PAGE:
At a time when most of us are still slogging through winter slush and wishing we could go someplace the weather is more forgiving, the Canadian Film Institute is taking a look at life a little closer to the equator. The 16th annual Latin American Film Festival (LAFF) kicks off March 22, offering 15 films from 15 countries. This year’s festival includes some notable queer content, with Old House (Casa Vieja) from Cuba and 108/Cuchillo de palo from Paraguay exploring the queer experience in those countries.
Queer LAFF content tends to vary from year to year, says CFI programmer Jerrett Zaroski, who notes it is slowly becoming a trend in Latin American cinema. He attributes this to growing social acceptance of the queer community. “Every culture has its idea of safe,” Zaroski explains. Although it depends on the country, he says, in Latin America there is a sense of machismo that historically led to queer issues being swept under the rug, which means some secrets simply haven’t been told.
Secrecy plays a key role in 108/Cuchillo de palo, a feature-length documentary by filmmaker Renate Costa. The film gets its title from the 108 list, the first in a series of blacklists ordered by dictator Alfredo Stroessner during his 35-year reign that publicly named suspected homosexuals. These lists demonized homosexuality in the public consciousness to such an extent that the number 108 became a derogatory colloquialism, the Paraguayan equivalent of “faggot.” Furthermore, homosexuals were seen as synonymous with assassins. In predominantly Roman-Catholic Paraguay, “it’s every person’s mission to have children. If you’re not doing what God intended and procreating, you’re assassinating the way of life and the family line,” says Zaroski.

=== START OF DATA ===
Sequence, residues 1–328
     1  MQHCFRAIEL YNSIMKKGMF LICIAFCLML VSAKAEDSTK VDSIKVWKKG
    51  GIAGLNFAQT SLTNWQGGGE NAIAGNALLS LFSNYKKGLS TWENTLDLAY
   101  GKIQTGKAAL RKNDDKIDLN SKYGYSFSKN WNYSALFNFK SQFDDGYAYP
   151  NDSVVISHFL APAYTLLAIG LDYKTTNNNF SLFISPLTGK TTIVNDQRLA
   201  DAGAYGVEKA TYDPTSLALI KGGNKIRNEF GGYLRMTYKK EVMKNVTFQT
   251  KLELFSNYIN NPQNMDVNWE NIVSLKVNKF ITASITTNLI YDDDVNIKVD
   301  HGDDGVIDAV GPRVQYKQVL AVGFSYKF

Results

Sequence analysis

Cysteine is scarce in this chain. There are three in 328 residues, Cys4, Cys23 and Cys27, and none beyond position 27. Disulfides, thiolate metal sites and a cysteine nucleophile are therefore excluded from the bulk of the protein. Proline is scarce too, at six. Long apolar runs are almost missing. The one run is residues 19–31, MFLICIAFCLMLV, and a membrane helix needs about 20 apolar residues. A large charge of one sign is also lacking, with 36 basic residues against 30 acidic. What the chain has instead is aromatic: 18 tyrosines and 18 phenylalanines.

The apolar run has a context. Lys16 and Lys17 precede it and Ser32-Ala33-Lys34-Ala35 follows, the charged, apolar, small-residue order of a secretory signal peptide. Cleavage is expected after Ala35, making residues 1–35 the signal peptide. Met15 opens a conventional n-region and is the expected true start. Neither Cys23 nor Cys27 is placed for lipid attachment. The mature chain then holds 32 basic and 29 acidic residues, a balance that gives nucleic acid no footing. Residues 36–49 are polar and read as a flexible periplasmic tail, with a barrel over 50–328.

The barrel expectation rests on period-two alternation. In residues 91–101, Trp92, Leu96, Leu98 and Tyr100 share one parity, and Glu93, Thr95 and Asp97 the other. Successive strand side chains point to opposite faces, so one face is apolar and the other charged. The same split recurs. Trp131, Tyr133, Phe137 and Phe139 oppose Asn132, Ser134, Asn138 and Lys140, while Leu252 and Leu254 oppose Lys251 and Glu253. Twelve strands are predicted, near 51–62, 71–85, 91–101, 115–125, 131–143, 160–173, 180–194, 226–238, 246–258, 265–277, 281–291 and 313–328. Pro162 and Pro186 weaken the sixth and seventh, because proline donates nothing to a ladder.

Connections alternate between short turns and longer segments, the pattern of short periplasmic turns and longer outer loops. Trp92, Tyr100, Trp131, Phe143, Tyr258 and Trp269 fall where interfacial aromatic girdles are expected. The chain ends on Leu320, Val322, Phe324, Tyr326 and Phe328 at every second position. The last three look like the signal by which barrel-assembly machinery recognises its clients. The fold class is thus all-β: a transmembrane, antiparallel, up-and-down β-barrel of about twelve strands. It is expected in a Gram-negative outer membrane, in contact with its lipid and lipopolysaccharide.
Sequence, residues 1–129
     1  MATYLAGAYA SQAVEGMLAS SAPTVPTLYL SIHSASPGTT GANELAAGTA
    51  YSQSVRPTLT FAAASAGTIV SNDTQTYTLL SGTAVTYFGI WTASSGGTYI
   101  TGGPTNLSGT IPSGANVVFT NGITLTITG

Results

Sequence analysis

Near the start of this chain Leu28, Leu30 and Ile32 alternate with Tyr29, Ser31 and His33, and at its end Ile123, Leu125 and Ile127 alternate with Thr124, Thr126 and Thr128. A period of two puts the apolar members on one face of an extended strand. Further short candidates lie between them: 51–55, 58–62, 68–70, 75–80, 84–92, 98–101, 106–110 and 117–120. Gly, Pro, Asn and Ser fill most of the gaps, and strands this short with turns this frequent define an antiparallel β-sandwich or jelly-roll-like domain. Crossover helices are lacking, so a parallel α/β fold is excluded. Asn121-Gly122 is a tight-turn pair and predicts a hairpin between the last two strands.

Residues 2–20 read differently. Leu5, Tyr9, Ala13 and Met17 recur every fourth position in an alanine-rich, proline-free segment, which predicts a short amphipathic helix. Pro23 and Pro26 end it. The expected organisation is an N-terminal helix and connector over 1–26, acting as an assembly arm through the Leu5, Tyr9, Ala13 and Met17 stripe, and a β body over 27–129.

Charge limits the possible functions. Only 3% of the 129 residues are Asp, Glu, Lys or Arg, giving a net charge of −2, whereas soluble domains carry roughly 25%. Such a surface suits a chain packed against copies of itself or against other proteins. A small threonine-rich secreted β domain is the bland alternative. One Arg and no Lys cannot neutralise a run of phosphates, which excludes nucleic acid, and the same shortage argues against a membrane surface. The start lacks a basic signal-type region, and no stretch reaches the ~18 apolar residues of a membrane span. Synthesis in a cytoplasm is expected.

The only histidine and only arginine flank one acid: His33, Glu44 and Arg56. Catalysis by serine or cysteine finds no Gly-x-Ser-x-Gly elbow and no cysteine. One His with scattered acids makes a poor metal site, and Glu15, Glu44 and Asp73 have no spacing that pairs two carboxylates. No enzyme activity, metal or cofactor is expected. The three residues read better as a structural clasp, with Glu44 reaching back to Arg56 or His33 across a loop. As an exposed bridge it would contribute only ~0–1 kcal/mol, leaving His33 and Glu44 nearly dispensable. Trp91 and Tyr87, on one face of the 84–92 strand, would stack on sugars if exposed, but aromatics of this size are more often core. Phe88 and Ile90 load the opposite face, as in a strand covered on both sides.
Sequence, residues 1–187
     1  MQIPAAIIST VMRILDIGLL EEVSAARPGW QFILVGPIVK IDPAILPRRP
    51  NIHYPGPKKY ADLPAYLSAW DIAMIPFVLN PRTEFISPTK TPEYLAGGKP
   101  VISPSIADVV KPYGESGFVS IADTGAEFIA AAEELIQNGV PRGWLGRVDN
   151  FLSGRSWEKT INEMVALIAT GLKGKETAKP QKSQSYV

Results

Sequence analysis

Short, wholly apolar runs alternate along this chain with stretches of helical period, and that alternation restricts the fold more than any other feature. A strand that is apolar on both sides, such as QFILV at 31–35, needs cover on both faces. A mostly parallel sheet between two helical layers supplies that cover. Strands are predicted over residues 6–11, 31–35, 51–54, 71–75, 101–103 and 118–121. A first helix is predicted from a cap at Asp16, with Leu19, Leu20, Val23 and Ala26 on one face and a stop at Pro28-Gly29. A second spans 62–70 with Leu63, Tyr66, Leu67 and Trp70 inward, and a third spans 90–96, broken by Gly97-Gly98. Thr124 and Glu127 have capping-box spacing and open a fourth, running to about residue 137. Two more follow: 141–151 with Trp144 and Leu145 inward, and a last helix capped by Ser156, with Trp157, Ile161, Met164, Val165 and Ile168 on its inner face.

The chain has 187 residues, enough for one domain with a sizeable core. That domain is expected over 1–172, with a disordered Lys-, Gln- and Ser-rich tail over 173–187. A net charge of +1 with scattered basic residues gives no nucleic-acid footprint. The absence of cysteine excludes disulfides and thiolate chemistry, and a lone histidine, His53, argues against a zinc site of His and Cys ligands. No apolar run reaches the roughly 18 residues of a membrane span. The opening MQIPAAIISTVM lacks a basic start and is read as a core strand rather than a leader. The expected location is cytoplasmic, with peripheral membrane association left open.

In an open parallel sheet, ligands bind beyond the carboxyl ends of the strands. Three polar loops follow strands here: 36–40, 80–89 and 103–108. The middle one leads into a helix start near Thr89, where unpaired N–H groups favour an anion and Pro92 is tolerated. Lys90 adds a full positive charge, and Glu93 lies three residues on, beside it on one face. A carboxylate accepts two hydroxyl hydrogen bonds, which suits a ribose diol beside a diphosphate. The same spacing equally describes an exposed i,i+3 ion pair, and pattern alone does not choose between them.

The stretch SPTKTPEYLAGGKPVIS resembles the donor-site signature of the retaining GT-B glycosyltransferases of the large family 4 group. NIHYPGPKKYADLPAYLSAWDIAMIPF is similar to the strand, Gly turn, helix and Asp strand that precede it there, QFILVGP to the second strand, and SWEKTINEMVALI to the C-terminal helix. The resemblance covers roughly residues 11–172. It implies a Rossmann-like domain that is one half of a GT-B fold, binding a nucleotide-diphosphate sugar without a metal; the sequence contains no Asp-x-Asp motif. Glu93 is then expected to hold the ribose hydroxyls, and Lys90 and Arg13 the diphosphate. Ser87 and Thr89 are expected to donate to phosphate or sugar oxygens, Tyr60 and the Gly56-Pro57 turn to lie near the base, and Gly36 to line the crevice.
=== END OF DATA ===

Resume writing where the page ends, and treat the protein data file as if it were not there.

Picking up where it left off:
Nowadays, the 108 lists and the era of blacklisting have become a secretive, if not quite forgotten, part of Paraguayan history. 108/Cuchillo de palo deals with filmmaker Costa’s revelation that her own uncle, Rodolfo, was on one of these lists. What follows is her journey to uncover the truth of what happened through speaking with her family and community. In particular, Costa helps her father come to terms with his brother’s sexuality. For much of the film, Costa is in front of the camera rather than behind it as she talks to people about what is still a very secretive topic. “Everybody sort of looks away,” says Zaroski of the Paraguayans’ tentative approach to acknowledging homosexuality. “Even before complete acceptance there’s a denial at least.”
Also featured in this year’s festival is the Cuban film Old House, about a gay man who returns home after a long absence to face his family and some demons from his past.
When choosing films to include in the festival, programmers work closely with the embassies of the countries from which the films are drawn. They provide suggestions as to what films they would like to bring to Ottawa in the hopes of securing distribution rights while taking the embassies’ suggestions into account. Zaroski says that even with a multitude of stellar films to choose from and the preferences of the various embassies to consider, “usually we’re able to show exactly what we want.”